'I learned it all in the pub'

It’s often said, usually through romantic soft-focus tales of noble savage northerners in pit villages, that you’ll hear wisdom in the pub that you wouldn’t anywhere else. If that wisdom turns out to be something other than ‘don’t look at my bird or I’ll glass you, you ****’, so much the better. In essence, it’s a load of whimsical old bobbins designed to divert your attention from the fact that most pub philosophers are just racist old drunks with too much time on their hands.

Arsene Wenger however, subscribes to this myth, and even suggests that growing up above a pub gave him the essential qualities it took to be a top manager, citing the ‘psychological education’ of watching the hard-drinking football fans of La Croix d’Or in the tiny village of Duttienheim.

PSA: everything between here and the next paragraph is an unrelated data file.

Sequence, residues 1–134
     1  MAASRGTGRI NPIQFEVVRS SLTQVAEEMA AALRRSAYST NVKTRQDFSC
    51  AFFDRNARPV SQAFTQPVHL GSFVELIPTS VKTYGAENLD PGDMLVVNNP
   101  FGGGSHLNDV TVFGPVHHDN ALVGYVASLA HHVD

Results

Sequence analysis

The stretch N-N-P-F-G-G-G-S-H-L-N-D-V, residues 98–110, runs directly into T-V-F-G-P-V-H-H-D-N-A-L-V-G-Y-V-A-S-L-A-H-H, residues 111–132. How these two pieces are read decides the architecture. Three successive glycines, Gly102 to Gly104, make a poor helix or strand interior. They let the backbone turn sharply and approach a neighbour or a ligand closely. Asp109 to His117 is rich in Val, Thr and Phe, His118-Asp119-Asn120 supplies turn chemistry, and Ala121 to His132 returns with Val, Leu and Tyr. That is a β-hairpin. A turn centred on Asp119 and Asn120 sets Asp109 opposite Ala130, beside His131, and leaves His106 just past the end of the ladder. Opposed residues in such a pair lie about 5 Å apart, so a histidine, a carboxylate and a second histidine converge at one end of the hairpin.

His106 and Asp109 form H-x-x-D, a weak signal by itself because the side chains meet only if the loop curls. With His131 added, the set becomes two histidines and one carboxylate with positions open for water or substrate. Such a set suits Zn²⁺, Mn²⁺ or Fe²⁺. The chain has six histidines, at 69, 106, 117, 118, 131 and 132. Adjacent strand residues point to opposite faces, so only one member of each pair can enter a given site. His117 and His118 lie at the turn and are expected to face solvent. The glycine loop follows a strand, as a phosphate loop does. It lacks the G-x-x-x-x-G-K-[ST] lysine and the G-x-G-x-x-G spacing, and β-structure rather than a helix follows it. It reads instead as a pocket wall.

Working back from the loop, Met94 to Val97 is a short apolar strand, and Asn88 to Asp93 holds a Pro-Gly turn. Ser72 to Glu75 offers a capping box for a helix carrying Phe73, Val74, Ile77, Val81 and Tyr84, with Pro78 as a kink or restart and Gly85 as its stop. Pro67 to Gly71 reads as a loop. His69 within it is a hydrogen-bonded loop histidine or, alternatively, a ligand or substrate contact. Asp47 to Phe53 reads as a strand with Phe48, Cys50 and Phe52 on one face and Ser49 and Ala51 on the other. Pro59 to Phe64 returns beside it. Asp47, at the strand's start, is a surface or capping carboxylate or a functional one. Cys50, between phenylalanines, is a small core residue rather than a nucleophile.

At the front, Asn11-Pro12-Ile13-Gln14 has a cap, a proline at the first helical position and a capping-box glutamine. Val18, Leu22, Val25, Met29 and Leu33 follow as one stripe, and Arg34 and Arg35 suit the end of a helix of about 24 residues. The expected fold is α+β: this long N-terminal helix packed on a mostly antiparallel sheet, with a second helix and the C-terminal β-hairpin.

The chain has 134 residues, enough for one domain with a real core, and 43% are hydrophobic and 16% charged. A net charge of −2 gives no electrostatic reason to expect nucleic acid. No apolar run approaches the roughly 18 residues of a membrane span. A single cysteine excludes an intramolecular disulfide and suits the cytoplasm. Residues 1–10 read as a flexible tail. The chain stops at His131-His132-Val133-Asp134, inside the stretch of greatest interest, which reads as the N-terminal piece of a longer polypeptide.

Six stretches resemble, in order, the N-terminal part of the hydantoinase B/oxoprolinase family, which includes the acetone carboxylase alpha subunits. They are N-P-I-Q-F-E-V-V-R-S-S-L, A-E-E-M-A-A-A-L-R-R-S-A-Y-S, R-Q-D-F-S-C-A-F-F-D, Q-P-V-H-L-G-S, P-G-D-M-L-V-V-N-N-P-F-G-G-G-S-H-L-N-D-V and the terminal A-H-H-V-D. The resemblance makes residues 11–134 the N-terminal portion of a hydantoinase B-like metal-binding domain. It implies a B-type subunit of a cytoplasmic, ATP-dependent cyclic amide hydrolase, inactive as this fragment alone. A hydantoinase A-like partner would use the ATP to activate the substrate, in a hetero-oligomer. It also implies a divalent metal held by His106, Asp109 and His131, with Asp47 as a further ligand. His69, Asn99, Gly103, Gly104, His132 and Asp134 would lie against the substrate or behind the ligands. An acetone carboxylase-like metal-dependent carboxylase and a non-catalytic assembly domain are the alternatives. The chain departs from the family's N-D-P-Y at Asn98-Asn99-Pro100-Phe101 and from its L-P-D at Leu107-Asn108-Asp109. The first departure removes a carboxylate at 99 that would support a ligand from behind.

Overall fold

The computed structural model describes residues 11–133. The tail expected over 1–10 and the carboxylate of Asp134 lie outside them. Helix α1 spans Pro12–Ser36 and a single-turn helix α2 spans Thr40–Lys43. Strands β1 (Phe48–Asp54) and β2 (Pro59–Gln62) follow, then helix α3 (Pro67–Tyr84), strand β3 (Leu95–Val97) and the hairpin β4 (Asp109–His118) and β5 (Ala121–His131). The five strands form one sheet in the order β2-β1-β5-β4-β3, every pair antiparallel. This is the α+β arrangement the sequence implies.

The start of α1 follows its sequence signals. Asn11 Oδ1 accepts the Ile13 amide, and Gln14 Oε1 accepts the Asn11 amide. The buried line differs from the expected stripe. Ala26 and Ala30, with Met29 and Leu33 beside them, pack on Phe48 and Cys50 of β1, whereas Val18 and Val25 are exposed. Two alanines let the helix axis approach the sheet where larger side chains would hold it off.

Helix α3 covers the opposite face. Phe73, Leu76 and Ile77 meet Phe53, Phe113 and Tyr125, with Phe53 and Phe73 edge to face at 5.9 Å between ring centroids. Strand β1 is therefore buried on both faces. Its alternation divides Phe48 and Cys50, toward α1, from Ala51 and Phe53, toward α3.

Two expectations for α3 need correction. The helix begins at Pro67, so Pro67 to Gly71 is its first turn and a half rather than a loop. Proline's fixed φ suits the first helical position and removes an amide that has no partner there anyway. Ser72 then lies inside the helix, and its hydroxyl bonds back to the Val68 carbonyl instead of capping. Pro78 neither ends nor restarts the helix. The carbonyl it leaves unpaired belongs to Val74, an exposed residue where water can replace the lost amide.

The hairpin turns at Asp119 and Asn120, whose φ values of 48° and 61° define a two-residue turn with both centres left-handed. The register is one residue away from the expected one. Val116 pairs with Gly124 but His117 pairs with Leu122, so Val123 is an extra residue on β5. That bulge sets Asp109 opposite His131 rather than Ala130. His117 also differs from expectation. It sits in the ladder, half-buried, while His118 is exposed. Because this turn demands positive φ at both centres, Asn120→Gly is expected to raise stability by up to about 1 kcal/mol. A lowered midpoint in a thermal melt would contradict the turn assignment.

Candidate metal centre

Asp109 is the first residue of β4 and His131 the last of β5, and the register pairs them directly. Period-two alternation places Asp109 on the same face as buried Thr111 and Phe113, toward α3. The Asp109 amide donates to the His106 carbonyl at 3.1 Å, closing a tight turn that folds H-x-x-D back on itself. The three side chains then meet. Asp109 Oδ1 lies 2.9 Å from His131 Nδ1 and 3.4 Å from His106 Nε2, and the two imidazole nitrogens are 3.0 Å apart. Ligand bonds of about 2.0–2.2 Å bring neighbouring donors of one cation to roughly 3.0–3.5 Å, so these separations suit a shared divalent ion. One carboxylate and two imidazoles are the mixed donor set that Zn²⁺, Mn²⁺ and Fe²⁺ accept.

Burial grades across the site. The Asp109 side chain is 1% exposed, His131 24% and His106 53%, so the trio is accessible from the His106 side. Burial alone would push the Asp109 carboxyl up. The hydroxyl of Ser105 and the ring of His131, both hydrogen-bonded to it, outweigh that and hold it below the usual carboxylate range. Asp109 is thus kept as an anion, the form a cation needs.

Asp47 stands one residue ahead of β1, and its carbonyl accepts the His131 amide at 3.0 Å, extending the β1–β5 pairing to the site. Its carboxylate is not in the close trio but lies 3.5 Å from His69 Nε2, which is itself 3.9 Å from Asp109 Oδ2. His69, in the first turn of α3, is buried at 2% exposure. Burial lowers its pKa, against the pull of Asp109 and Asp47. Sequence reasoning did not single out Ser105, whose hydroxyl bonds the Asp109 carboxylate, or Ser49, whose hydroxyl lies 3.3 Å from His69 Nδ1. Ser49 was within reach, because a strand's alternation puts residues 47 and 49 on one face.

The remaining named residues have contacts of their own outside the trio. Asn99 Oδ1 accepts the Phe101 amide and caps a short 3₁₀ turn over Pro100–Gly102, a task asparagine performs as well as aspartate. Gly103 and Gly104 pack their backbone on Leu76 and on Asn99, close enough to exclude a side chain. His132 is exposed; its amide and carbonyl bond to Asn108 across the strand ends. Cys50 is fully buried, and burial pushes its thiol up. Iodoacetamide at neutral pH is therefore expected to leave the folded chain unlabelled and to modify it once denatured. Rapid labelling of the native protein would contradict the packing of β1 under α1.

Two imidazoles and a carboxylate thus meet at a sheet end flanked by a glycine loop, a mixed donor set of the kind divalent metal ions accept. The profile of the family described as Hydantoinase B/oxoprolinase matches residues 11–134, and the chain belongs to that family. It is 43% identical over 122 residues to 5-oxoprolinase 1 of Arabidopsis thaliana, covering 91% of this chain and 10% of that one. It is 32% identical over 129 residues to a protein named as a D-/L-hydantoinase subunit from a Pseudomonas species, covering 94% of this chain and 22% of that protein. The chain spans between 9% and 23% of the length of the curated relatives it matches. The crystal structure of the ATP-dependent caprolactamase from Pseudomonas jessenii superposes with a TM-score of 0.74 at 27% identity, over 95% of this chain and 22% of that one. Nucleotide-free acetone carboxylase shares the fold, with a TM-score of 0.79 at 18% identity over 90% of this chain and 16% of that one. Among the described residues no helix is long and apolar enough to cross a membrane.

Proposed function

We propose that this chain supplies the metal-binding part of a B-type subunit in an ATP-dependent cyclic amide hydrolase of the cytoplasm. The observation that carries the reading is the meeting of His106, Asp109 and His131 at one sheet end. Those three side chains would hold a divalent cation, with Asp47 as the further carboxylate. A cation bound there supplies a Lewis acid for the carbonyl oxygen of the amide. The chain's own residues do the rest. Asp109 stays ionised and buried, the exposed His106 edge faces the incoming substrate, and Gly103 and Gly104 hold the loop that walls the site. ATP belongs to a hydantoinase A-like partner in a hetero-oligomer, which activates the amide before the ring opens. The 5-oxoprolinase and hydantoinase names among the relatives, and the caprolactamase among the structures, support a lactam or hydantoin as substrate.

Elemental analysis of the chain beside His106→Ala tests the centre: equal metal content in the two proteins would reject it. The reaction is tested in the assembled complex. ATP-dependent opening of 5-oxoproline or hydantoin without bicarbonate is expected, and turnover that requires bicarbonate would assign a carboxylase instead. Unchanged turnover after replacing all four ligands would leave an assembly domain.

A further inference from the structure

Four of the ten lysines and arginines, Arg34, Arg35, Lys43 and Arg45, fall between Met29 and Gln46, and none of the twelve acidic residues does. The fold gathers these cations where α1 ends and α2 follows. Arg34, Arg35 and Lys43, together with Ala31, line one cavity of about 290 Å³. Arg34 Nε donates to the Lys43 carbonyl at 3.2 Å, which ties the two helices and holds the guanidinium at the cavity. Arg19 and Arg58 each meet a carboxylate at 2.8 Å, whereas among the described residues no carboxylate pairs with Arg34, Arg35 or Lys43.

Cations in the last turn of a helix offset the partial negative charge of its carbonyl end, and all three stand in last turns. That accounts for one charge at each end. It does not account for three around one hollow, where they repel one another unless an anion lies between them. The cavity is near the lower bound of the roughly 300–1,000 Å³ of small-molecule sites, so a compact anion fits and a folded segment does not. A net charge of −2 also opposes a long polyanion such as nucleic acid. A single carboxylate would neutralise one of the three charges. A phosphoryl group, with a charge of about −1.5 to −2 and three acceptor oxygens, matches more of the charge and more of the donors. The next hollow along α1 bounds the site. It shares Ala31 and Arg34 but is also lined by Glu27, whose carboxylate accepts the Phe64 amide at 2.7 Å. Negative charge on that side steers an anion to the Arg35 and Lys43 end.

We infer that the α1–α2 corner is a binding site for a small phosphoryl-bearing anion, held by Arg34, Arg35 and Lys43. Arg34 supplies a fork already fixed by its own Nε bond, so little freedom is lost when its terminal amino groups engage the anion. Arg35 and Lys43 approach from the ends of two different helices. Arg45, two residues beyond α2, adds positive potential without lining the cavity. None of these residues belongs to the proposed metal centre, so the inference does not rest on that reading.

‘There is no better psychological education than growing up in a pub,’ said Wenger, ‘because when you are five or six years old, you meet all different people and hear how cruel they can be to each other. From an early age you get a practical, psychological education to get into the minds of people.

‘It is not often that a boy of five or six is always living with adults in a little village. I learned about tactics and selection from the people talking about football in the pub.’

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